Shouldn’t we start with questions about what has happened to the economy — and what is likely to happen to it — in a structural sense, and what that might require of policy, rather than starting with well-worn answers and working backwards?

The COVID-19 pandemic has now spread to over 180 countries, including several countries in sub-Saharan Africa. Ethiopia reported its first COVID-19 case on 14 March 2020. A month after the detection of first case, the economic impact of the pandemic is already being felt. Recently the international monetary fund/IMF/ lowered its 2020 growth forecast to around 6 per cent. Among the key sectors most strongly affected are aviation, hospitality, tourism, and horticulture. Generally, the export sector, is likely to be adversely affected.

In fact the government has been rightly praised for its quick economic response to the economic slump triggered by the virus, the actual economic effect is still playing out in many sectors of the economy.

Ethiopian Businesses are still battling through the processes of working out what support they are entitled to, negotiating with staff and banks, trying to establish just what is a viable path through for the next few months and year.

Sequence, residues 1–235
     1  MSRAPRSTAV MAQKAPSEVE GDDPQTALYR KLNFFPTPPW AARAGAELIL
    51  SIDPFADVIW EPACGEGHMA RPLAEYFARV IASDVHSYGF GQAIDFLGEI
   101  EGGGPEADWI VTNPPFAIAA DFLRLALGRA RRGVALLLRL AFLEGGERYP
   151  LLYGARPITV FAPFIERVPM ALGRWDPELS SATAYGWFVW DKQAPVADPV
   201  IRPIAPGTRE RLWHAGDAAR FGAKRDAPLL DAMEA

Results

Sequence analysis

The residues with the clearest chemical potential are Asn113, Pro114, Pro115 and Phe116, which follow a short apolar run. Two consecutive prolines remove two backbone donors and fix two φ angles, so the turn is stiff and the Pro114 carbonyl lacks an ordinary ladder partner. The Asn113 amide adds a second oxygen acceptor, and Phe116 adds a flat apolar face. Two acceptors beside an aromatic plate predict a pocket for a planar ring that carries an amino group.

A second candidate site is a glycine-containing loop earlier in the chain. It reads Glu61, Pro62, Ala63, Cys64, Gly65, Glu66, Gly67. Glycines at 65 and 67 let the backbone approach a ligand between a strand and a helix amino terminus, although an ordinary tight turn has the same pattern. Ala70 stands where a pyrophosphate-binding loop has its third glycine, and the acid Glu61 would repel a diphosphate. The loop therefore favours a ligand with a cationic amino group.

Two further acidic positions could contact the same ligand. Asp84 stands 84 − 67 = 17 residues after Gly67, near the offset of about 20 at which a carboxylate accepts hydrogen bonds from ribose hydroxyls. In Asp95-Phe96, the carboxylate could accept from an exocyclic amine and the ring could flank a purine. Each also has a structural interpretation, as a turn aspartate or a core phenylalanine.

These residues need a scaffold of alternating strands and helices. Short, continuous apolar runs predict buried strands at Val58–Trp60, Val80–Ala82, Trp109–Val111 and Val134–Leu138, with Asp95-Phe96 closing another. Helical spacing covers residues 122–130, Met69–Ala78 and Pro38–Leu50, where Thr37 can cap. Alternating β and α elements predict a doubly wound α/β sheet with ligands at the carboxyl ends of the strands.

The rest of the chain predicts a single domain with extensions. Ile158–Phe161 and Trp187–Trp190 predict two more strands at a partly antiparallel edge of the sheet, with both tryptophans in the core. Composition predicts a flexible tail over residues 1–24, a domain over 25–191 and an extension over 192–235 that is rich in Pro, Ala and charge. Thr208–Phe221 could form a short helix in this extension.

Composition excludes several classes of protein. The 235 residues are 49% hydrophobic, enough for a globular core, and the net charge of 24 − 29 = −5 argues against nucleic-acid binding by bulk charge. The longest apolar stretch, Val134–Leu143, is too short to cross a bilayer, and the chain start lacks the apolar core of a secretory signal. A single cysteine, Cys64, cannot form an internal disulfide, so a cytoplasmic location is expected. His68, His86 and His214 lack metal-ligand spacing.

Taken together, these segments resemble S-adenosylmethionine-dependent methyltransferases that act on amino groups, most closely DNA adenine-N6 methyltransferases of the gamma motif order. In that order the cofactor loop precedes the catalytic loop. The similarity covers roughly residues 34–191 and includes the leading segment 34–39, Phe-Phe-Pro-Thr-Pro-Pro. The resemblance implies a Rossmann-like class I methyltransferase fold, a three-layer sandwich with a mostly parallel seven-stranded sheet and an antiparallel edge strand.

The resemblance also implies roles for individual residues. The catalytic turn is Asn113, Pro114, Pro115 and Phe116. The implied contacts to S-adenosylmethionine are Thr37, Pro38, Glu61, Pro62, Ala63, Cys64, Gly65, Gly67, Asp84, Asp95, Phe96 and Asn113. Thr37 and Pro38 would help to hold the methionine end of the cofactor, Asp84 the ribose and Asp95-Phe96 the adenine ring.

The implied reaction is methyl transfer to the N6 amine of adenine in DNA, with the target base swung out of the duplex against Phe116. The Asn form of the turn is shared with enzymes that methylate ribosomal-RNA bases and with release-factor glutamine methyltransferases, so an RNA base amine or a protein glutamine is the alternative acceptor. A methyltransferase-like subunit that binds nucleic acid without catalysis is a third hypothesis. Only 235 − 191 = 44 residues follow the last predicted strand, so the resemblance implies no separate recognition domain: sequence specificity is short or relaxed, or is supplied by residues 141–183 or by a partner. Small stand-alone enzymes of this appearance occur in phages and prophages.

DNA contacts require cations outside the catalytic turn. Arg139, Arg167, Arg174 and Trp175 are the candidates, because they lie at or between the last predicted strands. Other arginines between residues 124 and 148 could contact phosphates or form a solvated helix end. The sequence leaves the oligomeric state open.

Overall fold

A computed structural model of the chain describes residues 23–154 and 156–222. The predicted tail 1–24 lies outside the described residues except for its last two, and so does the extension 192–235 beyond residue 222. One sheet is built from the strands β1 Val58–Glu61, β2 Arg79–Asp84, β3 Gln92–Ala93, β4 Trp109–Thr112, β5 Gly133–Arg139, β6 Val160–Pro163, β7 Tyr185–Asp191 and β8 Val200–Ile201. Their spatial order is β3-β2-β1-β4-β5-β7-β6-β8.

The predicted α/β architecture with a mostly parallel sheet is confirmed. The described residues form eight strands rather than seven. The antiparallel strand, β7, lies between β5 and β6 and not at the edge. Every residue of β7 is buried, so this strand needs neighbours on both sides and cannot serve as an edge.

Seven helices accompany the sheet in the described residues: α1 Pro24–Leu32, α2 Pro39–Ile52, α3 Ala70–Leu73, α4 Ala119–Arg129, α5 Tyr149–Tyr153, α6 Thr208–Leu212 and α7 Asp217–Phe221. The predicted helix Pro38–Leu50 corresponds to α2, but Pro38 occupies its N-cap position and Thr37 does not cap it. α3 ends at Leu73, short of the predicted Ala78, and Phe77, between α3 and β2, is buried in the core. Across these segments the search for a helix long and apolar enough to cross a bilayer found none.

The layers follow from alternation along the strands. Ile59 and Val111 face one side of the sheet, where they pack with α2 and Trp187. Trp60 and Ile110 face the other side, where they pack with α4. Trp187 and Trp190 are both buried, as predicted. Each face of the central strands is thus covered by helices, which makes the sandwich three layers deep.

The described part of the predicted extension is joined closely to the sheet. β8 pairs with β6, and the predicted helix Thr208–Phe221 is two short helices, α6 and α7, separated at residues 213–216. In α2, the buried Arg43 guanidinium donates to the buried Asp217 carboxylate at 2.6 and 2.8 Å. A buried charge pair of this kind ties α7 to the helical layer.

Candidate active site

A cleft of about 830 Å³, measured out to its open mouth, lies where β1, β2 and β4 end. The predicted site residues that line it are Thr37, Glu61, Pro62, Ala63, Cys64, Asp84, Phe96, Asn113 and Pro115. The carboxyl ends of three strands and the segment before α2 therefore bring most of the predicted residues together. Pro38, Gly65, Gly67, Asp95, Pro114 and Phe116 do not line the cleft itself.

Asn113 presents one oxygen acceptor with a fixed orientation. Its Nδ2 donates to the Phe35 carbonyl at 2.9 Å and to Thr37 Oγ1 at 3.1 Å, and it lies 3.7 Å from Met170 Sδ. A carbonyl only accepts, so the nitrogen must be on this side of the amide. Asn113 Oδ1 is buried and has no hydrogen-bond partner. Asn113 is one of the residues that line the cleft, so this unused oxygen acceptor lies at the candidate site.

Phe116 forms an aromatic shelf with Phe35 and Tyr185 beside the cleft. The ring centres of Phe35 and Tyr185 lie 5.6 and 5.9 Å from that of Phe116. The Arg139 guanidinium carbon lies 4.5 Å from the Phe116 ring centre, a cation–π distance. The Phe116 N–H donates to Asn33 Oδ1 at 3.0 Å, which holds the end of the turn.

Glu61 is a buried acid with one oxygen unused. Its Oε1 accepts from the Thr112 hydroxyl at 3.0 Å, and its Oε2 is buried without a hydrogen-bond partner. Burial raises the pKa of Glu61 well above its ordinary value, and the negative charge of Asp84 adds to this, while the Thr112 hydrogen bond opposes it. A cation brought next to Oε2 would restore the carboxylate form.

We are still only just getting a picture of how the virus has affected different states, industries and workforces. The government should underscored the need to support the private sector and protect many thousands/million jobs at risk, particularly in the manufacturing and service sectors across the nation.

Some interest and principal payments on corporate debt, leases, extended credit facilities, refinancing schemes and guarantee facilities should to think to partially at least to  waive, restructure and provide additional liquidity in the near future for some critical sectors including agro industries, tourism, hotel and  travel, imports and exports, pharmaceuticals.

A liquidity line should also be made available to the private sector to ensure the continuity of essential purchases and all SMEs that are dependent on trade can continue to function.

Various fiscal and monetary policy response measures should be taken to protect incomes and cushion the economy. COVID-19 is now understood as a major challenge across Africa, given resource constraints, limited facilities, and fragile health systems. Both short- and long-term measures are needed to address the serious impacts of the pandemic in Ethiopia.

In the short-run, budgetary reallocations towards critical sectors and the provision of safety nets to the most vulnerable are most needed. In the long term, Ethiopia ought to think of strategies for re-engineering the economy and minimizing the impact of future shocks on poor and vulnerable groups.

It is time to provide more incentives to supply local needs through local production and innovation. There is already an on-going initiative to produce masks and personal protective equipment locally. This idea can be expanded for other essential products and will boost supply chains and local industries to sustain jobs.